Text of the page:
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The authors declare that they have no competing interests.
YL carried out the TerraFly deployment pattern studies and v-TerraFly design, participated in the sequence experiment and drafted much of the manuscript. MZ participated the system design, advised and designed most of the experiment and analyzed the experiments results. LW participated in the VM node deployment and helped drafting the manuscript. NR developed the TerraFly technology and major algorithms, designed system layers design and partook in writing the manuscript. All authors read and approved the final manuscript.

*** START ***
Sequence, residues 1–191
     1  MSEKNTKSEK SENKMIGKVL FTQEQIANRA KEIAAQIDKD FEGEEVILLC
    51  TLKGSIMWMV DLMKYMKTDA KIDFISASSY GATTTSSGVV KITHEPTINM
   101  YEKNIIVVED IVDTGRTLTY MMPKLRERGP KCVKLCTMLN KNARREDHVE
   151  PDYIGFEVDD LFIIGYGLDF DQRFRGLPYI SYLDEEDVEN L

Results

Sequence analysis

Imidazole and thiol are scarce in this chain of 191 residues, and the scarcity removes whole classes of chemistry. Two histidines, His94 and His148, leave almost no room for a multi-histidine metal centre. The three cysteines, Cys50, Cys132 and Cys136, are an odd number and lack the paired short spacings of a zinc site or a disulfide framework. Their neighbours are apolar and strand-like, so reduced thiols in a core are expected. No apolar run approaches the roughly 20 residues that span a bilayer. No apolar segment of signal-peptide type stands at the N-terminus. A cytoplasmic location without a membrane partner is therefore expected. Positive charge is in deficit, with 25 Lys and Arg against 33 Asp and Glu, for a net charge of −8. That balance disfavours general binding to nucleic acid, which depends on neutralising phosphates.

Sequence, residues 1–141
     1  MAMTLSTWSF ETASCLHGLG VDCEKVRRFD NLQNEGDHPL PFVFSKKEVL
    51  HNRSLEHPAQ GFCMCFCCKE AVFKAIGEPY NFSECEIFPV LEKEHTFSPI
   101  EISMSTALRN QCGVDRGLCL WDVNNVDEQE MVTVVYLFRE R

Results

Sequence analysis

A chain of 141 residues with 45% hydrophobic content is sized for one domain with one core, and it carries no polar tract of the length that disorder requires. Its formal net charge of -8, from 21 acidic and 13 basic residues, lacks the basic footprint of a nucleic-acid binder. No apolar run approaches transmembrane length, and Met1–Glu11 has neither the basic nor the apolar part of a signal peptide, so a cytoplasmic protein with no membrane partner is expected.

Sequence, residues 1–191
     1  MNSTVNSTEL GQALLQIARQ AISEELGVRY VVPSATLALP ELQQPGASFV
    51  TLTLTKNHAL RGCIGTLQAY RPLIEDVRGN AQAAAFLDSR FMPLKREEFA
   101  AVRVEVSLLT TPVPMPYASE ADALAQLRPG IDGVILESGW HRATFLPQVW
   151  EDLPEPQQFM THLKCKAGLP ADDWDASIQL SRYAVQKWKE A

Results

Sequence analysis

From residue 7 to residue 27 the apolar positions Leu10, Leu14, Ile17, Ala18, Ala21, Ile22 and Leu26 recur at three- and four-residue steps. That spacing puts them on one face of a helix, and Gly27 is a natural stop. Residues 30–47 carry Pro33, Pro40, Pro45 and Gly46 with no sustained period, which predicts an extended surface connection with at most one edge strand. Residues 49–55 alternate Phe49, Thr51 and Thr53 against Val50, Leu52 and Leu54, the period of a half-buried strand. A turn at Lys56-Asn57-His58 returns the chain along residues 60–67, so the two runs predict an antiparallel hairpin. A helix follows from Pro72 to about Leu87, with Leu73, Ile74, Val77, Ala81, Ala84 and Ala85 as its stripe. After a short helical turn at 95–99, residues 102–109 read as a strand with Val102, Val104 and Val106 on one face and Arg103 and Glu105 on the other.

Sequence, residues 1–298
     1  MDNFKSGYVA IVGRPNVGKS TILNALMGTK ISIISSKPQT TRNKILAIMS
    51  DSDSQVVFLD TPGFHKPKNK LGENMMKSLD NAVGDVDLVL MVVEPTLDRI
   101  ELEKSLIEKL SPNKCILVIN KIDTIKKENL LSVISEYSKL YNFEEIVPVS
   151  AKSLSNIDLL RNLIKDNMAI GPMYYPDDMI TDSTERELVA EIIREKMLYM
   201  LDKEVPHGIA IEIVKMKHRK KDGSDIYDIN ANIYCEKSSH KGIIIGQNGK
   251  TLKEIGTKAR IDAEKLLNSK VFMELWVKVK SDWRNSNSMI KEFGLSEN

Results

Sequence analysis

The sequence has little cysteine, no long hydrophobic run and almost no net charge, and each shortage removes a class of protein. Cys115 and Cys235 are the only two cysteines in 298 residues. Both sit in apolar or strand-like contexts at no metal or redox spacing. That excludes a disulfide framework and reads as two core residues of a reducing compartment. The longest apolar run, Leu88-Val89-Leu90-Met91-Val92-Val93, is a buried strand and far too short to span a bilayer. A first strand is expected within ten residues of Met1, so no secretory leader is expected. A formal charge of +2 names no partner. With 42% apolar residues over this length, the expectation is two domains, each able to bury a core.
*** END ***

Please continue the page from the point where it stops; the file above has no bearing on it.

GIS application hosts are becoming more and more complicated. Theses hosts’ management is becoming more time consuming and less reliabale decreases with the increase in complexity of GIS applications. The resource management of GIS applications is becoming increasingly important in order to deliver to the user the desired Quality of Service. Map systems often serve dynamic web workloads and involve multiple CPU- and I/O-intensive tiers, which makes it challenging to meet the response time targets of map requests while using the resources efficiently. This paper proposes a virtualized web map service system, v-TerraFly, and its autonomic resource management in order to address this challenge. Virtualization facilitates the deployment of web map services and improves their resource utilization through encapsulation and consolidation. Autonomic resource management allows resources to be automatically provisioned to a map service and its internal tiers on demand. Specifically, this paper proposes new techniques to predict the demand of map workloads online and optimize resource allocations considering both response time and data freshness as the QoS target. The proposed v-TerraFly system is prototyped on TerraFly, a production web map service, and evaluated using real TerraFly workloads. The results show that v-TerraFly can accurately predict the workload demands: 18.91% more accurate; and efficiently allocate resources to meet the QoS target: improves the QoS by 26.19% and saves resource usages by 20.83% compared to traditional peak-load-based resource allocation.